Title: Kingdom of the Wicked
Author: Kerri Maniscalco
Genre(s): Young Adult Fiction, Fantasy, Elements of Horror
Gisselle's Rating: 5/5
DISCLAIMER: This review may contain spoilers for Kingdom of the Wicked.
If you are a fan of witches, elements of fantasy and horror, magic, and forbidden romance, this book is most certainly for you.
Kerri Maniscalco's novel Kingdom of the Wicked tells the story of Emilia di Carlo, a woman living in Italy with her family. Emilia and her twin sister Vittoria are streghe -- witches that live among humans, but must hide their magical abilities in order to avoid prosecution and death. After Vittoria is missing from a family dinner one night, Emilia discovers her twin has been murdered, her corpse desecrated and her heart missing. Twisted by grief, Emilia vows to find her twin's murderer. She will stop at nothing in her quest for answers, even if it means turning to dark magic, a forbidden practice that she was warned all her life to stay away from, and teaming up with Wrath, a Prince of Hell and a creature of the Wicked.
Despite the fact that Vittoria's murder serves as the catalyst of Emilia's journey, this is not an event that happens right away in the book. Having prior knowledge that Vittoria was going to be killed, I was anticipating this plot-point from the very first page; however, Maniscalco delivers just enough red-herrings of scenes that could have been Vittoria's demise that I was still caught by surprise when Emilia inevitably discovers her sister's body. I thought it was a clever opportunity for Maniscalco to hold back on Vittoria's death; the postponing of her murder allowed for me to get to know Vittoria as a person and to appreciate her relationship with Emilia even more. It also provided the chance to witness Emilia as she was before she became twisted by grief and wrath after her sister's murder. I remember reading the prologue scenes of Emilia and Vittoria, observing the differences in character between the twins. Vittoria was clearly the bolder twin, more fascinated than scared by the dark magic their grandmother warned them against, and seemingly the most likely between the twins to embrace such magic and endure the repercussions happily. Emilia, on the contrary, was initially very soft and gentle, her ambition being to one day open up her own restaurant, only using light magic to help fuel part of its success. Regardless, you get to understand the twins' better as characters, and you mourn for both Vittoria and Emilia as each of them are lost in their own ways.
The Seven Deadly Sins being represented as the Princes of Hell in Kingdom of the Wicked was a fun and intriguing take. I loved reading how Emilia reacted to each devil as she encountered them. She did not have some unnatural immunity to their powers and she instead fell prey to them fully and rapidly, which underscored her humanity. Maniscalco did not try to make her to be an exception to the rule, a character that could dodge the wiles of the Princes. Witch or not, Emilia still came close to stabbing her jealous heart out in front of Envy, was likely fueled in her quest for vengeance by her proximity to Wrath, and was writhing with pleasure before Lust.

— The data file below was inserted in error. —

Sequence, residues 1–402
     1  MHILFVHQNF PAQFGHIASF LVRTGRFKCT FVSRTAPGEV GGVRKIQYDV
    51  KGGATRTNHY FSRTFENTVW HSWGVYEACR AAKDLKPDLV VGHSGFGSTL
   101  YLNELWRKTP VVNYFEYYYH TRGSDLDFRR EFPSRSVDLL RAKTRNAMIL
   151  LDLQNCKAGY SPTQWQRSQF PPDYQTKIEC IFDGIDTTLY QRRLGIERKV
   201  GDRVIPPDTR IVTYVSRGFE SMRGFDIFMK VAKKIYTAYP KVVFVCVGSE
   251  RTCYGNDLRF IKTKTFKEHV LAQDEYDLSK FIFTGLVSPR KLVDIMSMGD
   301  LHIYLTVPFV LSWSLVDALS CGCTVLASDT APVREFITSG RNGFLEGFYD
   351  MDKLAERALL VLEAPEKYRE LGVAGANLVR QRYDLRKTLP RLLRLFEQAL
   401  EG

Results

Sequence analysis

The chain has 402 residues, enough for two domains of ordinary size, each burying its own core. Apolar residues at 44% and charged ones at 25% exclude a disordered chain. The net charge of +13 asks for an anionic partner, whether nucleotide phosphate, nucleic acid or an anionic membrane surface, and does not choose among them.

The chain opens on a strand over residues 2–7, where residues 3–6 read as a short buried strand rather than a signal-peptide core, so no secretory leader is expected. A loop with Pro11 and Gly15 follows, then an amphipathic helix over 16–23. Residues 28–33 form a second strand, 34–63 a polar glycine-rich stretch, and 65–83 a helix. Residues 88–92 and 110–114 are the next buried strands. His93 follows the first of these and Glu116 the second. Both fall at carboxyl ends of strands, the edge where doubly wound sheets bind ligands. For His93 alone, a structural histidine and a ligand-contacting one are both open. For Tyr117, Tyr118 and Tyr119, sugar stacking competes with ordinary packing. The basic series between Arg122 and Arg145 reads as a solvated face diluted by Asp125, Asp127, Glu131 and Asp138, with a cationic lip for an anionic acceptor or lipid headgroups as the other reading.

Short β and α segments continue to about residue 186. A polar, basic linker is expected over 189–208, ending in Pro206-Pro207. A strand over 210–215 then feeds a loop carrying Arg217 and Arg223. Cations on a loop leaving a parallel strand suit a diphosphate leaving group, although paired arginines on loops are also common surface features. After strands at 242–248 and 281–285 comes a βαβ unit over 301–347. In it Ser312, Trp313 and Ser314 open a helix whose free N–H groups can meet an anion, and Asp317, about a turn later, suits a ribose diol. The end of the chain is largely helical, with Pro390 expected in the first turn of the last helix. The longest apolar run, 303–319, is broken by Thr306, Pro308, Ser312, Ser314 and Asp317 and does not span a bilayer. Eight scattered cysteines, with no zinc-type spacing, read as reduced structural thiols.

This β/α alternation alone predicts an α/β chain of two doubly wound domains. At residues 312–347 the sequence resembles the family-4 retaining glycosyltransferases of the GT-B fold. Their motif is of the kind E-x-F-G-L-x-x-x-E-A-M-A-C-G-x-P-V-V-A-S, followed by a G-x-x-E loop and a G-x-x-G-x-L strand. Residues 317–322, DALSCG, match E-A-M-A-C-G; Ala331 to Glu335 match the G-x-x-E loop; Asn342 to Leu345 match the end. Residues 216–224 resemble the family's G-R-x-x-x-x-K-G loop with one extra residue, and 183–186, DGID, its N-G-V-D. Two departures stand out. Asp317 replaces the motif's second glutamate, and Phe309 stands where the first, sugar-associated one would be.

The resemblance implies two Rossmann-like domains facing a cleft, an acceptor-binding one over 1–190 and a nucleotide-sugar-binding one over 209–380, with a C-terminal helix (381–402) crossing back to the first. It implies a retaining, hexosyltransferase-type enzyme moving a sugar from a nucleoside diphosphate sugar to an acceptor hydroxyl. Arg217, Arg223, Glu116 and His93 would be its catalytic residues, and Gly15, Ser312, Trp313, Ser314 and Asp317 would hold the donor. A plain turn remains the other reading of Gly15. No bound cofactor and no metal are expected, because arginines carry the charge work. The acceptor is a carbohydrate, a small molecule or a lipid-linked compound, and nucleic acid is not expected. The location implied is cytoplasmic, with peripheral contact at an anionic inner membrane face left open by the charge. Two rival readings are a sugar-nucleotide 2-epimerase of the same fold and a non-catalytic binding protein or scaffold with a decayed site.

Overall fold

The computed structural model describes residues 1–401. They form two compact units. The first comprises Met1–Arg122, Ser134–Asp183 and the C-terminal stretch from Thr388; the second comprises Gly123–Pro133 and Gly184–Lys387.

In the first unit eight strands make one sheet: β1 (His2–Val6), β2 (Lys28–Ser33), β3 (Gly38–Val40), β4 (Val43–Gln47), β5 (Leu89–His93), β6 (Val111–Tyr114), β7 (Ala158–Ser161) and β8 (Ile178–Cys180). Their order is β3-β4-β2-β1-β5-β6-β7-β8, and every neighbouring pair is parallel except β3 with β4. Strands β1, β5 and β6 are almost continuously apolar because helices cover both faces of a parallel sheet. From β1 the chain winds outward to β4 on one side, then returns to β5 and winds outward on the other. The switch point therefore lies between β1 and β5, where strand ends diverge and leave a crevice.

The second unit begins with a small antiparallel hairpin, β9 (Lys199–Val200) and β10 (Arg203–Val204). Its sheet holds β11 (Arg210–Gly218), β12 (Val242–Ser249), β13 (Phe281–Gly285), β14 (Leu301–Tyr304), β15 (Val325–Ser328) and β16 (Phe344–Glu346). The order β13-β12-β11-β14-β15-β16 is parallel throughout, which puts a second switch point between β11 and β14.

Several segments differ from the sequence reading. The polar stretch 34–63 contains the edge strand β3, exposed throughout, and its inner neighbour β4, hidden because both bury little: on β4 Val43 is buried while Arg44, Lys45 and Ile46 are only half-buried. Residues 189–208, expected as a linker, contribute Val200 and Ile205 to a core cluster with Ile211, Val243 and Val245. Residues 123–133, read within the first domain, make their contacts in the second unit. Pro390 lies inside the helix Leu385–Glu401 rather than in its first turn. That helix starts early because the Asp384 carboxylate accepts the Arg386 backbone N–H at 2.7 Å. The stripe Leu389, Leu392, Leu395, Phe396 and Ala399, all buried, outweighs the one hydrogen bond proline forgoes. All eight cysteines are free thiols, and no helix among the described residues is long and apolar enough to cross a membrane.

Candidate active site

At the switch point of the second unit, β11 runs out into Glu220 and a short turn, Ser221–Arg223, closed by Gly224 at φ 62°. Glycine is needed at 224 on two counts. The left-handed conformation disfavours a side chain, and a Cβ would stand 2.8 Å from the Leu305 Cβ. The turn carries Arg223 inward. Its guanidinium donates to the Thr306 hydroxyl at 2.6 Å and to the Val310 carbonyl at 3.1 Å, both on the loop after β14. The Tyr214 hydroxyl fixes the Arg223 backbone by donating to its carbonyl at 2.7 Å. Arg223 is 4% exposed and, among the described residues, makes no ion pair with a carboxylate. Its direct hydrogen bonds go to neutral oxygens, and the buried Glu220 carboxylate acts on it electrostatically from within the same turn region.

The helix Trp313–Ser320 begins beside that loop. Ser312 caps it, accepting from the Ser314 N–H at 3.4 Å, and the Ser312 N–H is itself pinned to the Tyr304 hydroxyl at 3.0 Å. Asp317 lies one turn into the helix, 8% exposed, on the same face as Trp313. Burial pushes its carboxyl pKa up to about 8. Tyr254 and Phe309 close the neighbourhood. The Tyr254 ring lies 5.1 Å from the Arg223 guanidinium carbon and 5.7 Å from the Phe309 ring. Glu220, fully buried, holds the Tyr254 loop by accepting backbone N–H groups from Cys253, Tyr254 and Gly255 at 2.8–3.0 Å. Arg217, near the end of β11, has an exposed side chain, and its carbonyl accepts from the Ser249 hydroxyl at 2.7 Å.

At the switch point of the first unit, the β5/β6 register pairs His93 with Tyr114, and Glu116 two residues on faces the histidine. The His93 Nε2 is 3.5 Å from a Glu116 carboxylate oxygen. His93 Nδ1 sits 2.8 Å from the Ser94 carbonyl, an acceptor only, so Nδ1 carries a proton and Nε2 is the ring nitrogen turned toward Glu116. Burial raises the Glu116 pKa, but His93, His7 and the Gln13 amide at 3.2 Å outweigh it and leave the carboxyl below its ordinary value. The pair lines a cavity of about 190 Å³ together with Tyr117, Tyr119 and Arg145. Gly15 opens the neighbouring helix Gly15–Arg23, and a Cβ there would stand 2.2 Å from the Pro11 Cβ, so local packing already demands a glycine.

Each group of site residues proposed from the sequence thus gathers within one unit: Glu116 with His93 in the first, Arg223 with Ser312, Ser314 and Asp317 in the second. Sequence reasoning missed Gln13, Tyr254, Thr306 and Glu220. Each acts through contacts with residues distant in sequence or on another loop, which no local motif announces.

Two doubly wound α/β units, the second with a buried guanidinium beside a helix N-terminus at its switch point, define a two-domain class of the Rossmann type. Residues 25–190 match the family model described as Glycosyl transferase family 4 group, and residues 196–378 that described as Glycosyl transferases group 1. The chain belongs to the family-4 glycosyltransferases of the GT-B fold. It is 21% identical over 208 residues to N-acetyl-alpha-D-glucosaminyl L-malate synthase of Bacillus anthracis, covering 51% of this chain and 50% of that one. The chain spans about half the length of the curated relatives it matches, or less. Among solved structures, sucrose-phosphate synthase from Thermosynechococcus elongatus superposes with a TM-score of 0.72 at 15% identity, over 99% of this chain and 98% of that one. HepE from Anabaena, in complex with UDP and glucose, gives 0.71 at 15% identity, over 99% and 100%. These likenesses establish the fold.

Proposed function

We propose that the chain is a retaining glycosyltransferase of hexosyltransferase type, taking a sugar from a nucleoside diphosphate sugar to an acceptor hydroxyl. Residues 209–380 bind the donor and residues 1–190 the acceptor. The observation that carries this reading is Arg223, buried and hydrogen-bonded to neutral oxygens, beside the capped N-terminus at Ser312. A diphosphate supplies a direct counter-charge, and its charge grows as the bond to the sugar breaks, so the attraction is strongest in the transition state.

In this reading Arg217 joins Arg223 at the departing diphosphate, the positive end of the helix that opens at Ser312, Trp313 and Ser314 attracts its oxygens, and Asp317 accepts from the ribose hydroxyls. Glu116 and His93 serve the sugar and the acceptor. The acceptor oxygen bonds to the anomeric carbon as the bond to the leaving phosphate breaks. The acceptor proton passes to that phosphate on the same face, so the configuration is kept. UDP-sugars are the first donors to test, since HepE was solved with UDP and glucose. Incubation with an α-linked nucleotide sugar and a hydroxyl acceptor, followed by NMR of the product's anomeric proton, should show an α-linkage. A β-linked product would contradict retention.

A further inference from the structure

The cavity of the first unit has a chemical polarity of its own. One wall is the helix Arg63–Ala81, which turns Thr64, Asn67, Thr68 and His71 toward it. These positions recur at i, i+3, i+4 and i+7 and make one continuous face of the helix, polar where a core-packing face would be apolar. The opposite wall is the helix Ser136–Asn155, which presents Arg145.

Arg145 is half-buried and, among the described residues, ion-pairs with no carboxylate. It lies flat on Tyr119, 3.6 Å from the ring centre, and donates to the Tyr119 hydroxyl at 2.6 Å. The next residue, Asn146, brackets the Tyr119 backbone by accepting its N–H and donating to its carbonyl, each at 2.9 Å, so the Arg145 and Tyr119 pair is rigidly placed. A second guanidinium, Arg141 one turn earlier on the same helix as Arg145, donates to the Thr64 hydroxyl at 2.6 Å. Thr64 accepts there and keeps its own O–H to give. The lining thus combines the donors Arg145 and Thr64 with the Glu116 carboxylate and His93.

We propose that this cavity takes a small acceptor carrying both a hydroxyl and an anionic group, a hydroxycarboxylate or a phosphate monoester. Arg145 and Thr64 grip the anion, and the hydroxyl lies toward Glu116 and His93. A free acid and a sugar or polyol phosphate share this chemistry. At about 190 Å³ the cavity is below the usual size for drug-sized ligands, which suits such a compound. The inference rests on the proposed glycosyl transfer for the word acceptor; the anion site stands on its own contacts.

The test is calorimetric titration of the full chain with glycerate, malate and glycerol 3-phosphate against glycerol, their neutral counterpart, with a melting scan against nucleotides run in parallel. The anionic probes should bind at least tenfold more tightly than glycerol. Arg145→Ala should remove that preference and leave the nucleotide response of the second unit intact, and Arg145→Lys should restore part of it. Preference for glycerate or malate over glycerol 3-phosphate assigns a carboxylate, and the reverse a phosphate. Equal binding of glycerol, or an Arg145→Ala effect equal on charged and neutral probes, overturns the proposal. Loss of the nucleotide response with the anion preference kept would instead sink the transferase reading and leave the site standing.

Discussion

Quick tangent: I also thought it was incredible how Maniscalco wrote out the encounter with Lust and the aftermath that Emilia endured after he removed his power over her. When pleasure and ecstasy is forcibly taken, there is a void so dark that it sends Emilia into a deep state of depression for a while, unwilling and unable to continue her quest for answers. It was only through Wrath's intervention that Emilia was able to fully free herself from Lust's hold, but she did not escape without dealing with the repercussions. It was an unexpected but plausible method of execution of Lust's introduction.
Speaking of Wrath, the connection that he and Emilia share is peak enemies-to-lovers. The chemistry that they shared - both when delving into romantic territory and when they were trading verbal blows with one another - was riveting to experience. Despite the fact that they were accidentally tied together through a marriage bond, which may have been the primary reason behind Wrath's protection of Emilia, there were moments that depicted ways Wrath could care for her, a witch who was his sworn enemy. One of my favorite examples was following Emilia's ordeal with Lust, when Wrath brought Emilia the necessary components needed to heal from the ordeal and took pains to ensure that they were suited for a witch of the light. It gave me hope that, despite the bittersweet ending of the book, the story of Wrath and Emilia had not yet reached its conclusion. Perhaps it will be something to be explored in next book of the series, and I can't wait to see what's in store.
In all, I absolutely adored this book and am incredibly impatient for the sequel, Kingdom of the Cursed, to come out later this year. I am eager to see the world that had been explained but never physically depicted in Maniscalco's book, to finally witness the revelation of the Kingdom of the Wicked. I look forward to turning with a review for the sequel, and I have high hopes that it will impress me as much as its predecessor.